....The law contains two main parts, the first refers to the judicial process and the conditions under which the members of illegal armed groups (either paramilitary of guerrilla) can benefit from an alternative punishment. That is among others to fully confess their crimes, depose their weapons, enter into a peace agreement, and stop their interference in public affairs, release the people they have kidnapped, contribute to finding the victims of forced disappearance.

The second part of the law refers to the rights of the victims to truth, justice and reparation.

For the first time in Colombia’s history victims came to the center of the attention as it was understood that they were they hinge between justice and peace. Beneficiaries will only be entitled to an alternative punishment if, and only if, they confessed all their crimes, were subject to a criminal procedure by independent prosecutors and judges and, most important of all, if they repaired the victims of their atrocities.

This model of restorative justice parallels similar systems in other countries devastated by conflict. But it takes an unprecedented, perhaps precarious, step toward both symbolic and material recompense.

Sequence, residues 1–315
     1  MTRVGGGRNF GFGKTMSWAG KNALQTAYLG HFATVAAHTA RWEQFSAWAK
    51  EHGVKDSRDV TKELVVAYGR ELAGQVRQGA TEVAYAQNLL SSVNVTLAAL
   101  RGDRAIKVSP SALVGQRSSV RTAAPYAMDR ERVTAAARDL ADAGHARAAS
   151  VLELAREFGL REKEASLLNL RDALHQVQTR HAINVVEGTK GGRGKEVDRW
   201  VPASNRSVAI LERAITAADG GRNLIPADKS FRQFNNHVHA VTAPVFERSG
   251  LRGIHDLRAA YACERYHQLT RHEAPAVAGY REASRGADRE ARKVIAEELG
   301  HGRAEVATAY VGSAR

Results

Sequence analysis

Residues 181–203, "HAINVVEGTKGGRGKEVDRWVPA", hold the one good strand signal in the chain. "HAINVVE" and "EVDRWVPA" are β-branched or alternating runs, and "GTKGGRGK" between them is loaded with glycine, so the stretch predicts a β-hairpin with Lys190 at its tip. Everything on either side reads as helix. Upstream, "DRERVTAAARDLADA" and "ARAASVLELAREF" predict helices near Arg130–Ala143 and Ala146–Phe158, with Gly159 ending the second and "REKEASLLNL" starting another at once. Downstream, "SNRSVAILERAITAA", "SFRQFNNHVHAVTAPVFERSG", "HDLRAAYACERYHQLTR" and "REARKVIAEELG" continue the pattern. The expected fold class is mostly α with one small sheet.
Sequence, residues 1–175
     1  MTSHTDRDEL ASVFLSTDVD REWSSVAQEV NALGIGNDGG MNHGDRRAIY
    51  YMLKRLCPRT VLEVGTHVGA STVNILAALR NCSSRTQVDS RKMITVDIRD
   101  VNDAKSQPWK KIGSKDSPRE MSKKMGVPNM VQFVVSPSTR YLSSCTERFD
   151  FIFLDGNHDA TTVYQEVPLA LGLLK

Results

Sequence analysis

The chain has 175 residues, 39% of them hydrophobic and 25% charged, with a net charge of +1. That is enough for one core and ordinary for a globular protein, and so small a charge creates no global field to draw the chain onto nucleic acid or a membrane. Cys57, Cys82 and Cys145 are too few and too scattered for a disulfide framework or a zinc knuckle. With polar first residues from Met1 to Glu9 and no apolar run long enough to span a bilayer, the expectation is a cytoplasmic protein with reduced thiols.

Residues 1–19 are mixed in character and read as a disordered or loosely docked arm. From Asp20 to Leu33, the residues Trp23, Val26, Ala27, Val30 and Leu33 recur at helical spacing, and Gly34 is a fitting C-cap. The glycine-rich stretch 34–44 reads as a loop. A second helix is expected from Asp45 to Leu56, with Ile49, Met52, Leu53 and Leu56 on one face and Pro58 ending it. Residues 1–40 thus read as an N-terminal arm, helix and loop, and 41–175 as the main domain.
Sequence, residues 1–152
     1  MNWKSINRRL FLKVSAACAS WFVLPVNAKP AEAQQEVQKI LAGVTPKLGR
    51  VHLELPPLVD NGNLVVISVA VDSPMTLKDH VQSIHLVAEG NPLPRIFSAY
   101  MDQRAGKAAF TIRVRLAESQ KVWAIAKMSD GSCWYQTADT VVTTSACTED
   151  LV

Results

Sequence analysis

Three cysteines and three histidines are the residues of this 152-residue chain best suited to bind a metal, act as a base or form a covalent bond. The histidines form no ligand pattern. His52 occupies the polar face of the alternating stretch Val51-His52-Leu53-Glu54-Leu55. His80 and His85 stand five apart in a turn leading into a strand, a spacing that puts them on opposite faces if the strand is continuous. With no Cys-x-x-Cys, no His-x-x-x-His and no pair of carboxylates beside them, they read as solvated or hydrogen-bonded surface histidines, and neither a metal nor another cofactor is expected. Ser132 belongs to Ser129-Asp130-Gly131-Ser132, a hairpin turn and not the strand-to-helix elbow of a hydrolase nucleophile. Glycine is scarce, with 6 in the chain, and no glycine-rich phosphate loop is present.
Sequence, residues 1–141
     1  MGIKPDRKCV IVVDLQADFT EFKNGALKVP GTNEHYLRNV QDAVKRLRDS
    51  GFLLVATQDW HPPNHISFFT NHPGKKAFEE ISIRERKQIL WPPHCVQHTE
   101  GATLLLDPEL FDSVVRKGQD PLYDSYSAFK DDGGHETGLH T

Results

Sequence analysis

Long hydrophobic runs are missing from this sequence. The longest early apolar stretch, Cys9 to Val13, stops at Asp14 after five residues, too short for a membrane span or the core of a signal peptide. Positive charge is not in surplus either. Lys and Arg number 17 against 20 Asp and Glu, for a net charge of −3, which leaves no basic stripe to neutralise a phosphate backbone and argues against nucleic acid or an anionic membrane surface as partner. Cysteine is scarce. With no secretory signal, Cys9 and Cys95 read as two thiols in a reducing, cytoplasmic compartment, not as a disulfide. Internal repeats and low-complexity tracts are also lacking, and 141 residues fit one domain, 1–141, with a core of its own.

New debates in human rights law have in fact broadened the concept of restorative justice, popularized during South Africa’s transition from Apartheid. There have recently been movements for reparations for descendants of enslaved Africans in America, and for the so-called “climate debt“—the damages created by global warming—that is owed by rich industrialized nations to indigenous peoples and other poor communities in the Global South.

Through its reparations law, the Colombian government pledges to offset survivors’ losses through monetary compensation, land redistribution, and other restorative measures. The core of the system is not retribution but repair.

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